Police say Apple's refusal to unlock phones is about more than crimes

The protest is part of a nationwide effort to support Apple in its battle with the FBI.

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“Security experts agree that what the FBI is asking apple to do is to actually make us less safe not more safe,” Evan Greer, one of the protest organizers, said.

Apple said it does not want to unlock the iPhone because doing that could potentially give the government access to data on every iPhone.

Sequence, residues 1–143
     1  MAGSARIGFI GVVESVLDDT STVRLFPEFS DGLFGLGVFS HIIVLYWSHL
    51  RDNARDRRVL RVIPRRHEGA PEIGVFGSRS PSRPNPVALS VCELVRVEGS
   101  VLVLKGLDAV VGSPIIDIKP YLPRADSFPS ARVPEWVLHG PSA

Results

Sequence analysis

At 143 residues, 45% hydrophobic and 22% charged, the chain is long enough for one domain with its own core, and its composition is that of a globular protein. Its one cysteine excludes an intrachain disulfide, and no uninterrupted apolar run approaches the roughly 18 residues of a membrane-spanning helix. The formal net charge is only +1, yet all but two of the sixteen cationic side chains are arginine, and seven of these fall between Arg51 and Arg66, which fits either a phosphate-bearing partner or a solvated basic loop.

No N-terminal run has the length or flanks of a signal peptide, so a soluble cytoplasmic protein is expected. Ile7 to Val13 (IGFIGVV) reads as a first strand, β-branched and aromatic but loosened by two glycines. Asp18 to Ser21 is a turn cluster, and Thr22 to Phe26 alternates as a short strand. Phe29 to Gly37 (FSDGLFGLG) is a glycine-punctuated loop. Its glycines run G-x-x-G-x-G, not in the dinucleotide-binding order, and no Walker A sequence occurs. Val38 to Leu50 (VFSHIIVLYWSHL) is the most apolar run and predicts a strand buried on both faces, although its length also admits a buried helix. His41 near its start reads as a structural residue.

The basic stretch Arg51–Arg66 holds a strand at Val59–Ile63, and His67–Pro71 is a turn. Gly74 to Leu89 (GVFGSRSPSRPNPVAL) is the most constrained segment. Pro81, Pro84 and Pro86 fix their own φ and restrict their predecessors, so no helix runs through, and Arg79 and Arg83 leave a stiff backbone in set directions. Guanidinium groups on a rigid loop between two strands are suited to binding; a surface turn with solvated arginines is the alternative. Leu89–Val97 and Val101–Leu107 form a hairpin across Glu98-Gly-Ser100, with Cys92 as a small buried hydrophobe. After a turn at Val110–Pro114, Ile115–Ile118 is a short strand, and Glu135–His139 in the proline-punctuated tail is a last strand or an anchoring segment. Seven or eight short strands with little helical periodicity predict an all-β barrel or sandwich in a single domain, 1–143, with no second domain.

Lt. Peter Kelly, who runs the computer forensic lab for the Metro Law Enforcement Council, said of all technological devices, authorities are most frequently asked to review smartphones.

“I'd argue it's the responsibility of Apple and these other providers to help law enforcement get in for cases where the data is imperative to the case, or in a terrorism case," he said.

Kelly also said police across the county are frustrated with Apple's decision, and not just because it could prevent them from solving crimes.

"What we see too is in the case of a motor vehicle accident or a missing juvenile where the phone has been left behind and their parents are just hoping to hold on to something from that child,” Kelly said.

Apple has until Friday to officially respond to a request for the San Bernardino case.

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